ECEC services ponder how they promote breastfeeding with strategy launch

by Freya Lucas

August 14

The launch of the Australian Breastfeeding Strategy : 2019 and Beyond earlier this month has prompted early childhood education and care (ECEC) services around the country to consider how they promote and support the continuation of breastfeeding when children are enrolled in care. 

 

Backed by a $10 million investment by the Federal Government, the strategy seeks to support, encourage and promote breastfeeding. It has been endorsed by all States and Territories through the COAG Health Council, and provides an enduring policy framework for all Governments to provide a supportive and enabling environment for breastfeeding.

 

Around 25 per cent of Australian children are breastfed to six months of age. A core aim of the strategy is to double this by 2025, in line with the World Health Organisation’s target.

 

In launching the strategy, the Federal Government outlined their strong commitment to increasing breastfeeding rates around the country. 

 

“We recognise breastfeeding is not possible for all women.The Government regulates infant formula so it provides a safe and nutritious alternative for babies who are not breastfed.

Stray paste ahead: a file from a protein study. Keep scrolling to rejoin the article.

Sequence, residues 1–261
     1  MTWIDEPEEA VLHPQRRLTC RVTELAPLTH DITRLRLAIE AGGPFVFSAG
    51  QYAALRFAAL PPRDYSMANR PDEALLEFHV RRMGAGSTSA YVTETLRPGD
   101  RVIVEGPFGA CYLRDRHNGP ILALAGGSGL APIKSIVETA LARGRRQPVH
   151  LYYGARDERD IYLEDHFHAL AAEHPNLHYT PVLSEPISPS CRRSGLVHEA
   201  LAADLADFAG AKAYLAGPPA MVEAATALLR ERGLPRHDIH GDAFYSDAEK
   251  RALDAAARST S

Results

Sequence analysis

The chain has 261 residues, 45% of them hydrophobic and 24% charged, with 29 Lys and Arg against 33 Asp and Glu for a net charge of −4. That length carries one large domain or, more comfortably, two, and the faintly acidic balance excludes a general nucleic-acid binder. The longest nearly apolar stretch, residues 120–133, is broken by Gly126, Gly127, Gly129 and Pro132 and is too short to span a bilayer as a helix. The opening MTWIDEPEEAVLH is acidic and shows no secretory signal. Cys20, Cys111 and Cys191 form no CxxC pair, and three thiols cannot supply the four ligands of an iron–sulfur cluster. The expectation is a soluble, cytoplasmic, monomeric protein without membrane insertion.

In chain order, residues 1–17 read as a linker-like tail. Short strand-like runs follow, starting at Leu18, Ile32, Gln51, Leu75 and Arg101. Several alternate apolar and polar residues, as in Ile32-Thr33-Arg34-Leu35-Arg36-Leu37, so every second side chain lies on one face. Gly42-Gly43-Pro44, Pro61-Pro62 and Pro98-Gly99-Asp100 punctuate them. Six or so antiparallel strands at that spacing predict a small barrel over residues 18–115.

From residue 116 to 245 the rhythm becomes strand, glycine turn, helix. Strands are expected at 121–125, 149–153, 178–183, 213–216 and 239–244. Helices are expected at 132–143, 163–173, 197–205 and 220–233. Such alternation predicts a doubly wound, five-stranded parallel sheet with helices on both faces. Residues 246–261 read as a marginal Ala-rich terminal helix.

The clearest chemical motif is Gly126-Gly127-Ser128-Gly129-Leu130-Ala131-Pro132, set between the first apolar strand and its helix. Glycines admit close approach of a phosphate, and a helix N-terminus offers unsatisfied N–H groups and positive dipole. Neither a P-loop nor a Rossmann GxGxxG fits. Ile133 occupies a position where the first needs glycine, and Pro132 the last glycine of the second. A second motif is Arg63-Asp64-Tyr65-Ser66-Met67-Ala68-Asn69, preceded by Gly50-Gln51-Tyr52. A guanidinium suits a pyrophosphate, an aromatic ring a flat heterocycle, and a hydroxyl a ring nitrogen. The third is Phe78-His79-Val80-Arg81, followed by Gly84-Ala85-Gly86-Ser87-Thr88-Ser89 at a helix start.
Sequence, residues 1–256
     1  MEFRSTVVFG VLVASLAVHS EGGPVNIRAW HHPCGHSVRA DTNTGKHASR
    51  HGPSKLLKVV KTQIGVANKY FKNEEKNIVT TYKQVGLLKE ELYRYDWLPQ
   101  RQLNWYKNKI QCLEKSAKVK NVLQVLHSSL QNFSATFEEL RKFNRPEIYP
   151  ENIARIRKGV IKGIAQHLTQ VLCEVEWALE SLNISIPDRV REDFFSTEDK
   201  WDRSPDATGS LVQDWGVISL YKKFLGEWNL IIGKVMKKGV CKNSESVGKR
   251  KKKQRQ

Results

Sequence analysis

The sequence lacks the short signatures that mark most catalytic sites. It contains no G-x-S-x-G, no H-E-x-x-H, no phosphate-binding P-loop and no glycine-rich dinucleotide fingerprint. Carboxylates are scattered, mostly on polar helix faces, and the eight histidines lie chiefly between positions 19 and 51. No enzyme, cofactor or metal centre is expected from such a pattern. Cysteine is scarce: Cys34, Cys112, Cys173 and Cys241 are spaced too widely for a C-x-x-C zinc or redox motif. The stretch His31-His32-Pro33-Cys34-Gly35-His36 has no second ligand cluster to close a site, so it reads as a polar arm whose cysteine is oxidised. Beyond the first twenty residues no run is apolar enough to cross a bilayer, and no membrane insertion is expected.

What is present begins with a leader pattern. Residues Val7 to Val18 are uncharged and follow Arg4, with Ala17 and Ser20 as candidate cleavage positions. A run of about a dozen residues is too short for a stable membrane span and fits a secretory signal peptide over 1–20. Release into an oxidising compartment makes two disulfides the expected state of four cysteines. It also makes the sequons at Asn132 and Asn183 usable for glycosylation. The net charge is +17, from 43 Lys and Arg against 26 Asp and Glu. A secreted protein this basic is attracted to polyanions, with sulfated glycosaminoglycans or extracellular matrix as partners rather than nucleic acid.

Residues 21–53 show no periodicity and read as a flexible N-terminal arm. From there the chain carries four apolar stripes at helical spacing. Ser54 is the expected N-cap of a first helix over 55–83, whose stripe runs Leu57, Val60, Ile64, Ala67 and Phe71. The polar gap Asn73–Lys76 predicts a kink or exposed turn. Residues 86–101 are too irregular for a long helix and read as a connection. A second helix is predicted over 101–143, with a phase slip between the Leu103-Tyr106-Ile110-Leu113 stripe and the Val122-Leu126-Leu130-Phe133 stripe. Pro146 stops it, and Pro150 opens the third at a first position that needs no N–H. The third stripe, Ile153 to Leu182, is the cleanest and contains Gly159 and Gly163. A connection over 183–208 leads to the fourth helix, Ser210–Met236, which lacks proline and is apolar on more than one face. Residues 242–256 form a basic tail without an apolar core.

The breastfeeding strategy will improve the health and wellbeing of infants, young children, mothers and families,” a statement read. 

 

The Strategy promotes breastfeeding as the normal biological way to feed an infant, including through community education and awareness campaigns. These campaigns will aim to ensure work and other places are breastfeeding-friendly.

 

The Australian National Health and Medical Research Council’s Infant Feeding Guidelines recommend if an infant is not breastfed or partially breastfed, commercial infant formula should be used as an alternative to breast milk until 12 months of age.

 

As part of the $10 million funding, the Australian Breastfeeding Association (ABA) is receiving $8.29 million to support their work in providing guidance and advice through their ABA Helpline and related work.

 

In addition, approximately $2 million is being provided to Australian Red Cross Blood Service, to increase access to donor human milk for premature babies through a centralised donor milk bank service.

 

Acknowledging the need to provide holistic support, and enhance infant health outcomes through working with mothers, fathers, partners, grandmothers and carers, the Federal Government have also committed $36 million to establish a new Maternity to Home and Wellbeing Program to ensure that every Australian mother, father and baby has access to perinatal support.

 

Further funding, in the amount of $43 million, has been provided for broader perinatal health. Organisations will be invited to apply for grants focusing on perinatal mental health support, and perinatal mental health promotion and awareness programs, the statement noted. 

 

To learn more about the strategy, please see the COAG Health Council website, here

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